Reverse Glass Painting in Java, 19th–20th Centuries: Reflections of a World on the Move
Painting under glass was widely practised in Indonesia between the end of the 19th century and the 1970s. It was so successful that almost all Javanese iconography was reproduced on this medium. However, as works on other media (paper, wood, leather) have survived less well over time, reverse glass paintings give us access to a range of images that would be hard to find elsewhere.
In my talk, I will focus on the question of modernity. During the span of time mentioned above, reverse glass painting has been a kind of emblem of “modernity”, not only by virtue of the medium itself but because of the models these paintings reproduced, the images they displayed and the ideas they conveyed.
Based on a corpus of several hundred items, my aim is to show that iconography on glass can contribute to the study of Javanese history in the 19th – 20th centuries, and in particular enable us to better apprehend and understand iconographic tastes and uses, of course, as well as the circulation of ideas, both religious and political, within the different strata of colonial society in its non-European components.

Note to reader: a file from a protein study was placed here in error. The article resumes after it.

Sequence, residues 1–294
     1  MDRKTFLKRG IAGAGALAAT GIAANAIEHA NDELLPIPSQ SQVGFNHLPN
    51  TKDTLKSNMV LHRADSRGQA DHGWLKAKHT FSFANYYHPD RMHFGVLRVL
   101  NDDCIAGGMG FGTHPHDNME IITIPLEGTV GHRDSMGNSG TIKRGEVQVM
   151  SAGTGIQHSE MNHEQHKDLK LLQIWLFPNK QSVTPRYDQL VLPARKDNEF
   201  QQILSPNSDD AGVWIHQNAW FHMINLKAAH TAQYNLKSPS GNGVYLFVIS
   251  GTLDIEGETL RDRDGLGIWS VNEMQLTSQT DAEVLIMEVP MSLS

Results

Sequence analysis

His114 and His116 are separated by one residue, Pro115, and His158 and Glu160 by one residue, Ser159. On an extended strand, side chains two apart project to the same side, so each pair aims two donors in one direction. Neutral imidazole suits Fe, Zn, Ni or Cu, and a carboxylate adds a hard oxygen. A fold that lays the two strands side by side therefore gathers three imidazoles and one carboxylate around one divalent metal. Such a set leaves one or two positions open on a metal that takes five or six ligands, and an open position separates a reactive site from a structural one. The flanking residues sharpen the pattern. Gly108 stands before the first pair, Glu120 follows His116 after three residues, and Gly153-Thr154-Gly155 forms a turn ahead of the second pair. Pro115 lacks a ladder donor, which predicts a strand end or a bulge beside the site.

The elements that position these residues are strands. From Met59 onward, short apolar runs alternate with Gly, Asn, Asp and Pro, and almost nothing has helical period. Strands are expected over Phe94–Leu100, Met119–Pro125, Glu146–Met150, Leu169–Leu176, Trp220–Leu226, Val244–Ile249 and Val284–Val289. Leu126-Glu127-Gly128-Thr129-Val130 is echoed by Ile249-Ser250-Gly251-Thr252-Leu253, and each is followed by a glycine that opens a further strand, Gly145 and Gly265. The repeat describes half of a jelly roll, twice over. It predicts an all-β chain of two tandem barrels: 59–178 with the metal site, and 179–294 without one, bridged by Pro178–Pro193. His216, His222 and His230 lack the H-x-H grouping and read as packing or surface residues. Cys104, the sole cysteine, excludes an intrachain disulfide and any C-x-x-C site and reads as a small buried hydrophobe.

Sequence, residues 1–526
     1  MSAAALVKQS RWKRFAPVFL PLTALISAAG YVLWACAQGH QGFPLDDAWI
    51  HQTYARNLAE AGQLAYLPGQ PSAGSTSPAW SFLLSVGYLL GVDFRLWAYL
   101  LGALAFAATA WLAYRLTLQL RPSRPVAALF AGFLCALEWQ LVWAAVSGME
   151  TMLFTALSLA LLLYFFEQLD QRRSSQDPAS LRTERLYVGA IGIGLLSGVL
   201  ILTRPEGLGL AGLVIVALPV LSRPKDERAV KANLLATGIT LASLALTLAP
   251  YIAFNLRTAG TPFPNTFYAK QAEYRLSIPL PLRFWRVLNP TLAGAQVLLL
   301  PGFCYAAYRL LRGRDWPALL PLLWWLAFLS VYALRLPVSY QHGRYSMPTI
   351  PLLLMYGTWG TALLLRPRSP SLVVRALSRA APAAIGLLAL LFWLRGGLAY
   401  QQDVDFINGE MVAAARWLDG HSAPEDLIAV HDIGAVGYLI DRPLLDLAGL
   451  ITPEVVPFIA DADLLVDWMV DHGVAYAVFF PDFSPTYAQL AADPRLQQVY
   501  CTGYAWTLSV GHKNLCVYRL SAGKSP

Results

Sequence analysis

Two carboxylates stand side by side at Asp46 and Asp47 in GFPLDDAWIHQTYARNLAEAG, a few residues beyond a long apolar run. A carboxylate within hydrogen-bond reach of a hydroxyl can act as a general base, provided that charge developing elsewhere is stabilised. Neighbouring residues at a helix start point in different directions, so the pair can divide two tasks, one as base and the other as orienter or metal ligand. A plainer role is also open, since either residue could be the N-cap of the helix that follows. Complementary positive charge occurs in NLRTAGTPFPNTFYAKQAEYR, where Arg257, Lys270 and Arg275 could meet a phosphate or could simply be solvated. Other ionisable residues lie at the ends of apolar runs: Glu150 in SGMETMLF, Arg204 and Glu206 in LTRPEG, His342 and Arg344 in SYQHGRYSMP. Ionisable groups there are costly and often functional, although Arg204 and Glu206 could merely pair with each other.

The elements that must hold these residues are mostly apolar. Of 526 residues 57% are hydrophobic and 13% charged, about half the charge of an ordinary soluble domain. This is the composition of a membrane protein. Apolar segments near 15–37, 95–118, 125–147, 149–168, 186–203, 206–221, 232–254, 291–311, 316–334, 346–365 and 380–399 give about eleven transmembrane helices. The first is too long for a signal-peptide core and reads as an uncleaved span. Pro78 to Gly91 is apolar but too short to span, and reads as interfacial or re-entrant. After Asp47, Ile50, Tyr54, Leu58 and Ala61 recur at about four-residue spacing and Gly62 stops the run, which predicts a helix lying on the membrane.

About the speaker
Jérôme Samuel is a French scholar, full professor (Indonesian and Malaysian studies) at Institut National des Langues et Civilisations Orientales (Inalco, Paris), and Director of the Research Institute on Contemporary Southeast Asia (Irasec, Bangkok). He is also the editor-in-chief of the journal Archipel (Paris). His work focuses mainly on Indonesian Malay, its language policies, terminologies, didactics, and mutual intelligibility with Malaysian Malay.
Besides, for the past 20 years, he has been conducting extensive research on traditional and contemporary reverse glass painting in Indonesia (Java and Bali). To this end, through numerous field surveys, he has built a database of over 2,500 items and has published numerous articles on the subject.
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